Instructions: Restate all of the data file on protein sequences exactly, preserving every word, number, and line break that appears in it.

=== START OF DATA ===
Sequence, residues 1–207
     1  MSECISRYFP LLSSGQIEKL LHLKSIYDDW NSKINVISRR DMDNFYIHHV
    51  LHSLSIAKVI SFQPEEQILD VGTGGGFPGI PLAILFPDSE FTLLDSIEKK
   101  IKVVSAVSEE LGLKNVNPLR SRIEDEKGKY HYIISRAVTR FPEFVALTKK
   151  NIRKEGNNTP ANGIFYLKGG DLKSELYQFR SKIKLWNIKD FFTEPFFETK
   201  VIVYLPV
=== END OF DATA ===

Sequence, residues 1–207
     1  MSECISRYFP LLSSGQIEKL LHLKSIYDDW NSKINVISRR DMDNFYIHHV
    51  LHSLSIAKVI SFQPEEQILD VGTGGGFPGI PLAILFPDSE FTLLDSIEKK
   101  IKVVSAVSEE LGLKNVNPLR SRIEDEKGKY HYIISRAVTR FPEFVALTKK
   151  NIRKEGNNTP ANGIFYLKGG DLKSELYQFR SKIKLWNIKD FFTEPFFETK
   201  VIVYLPV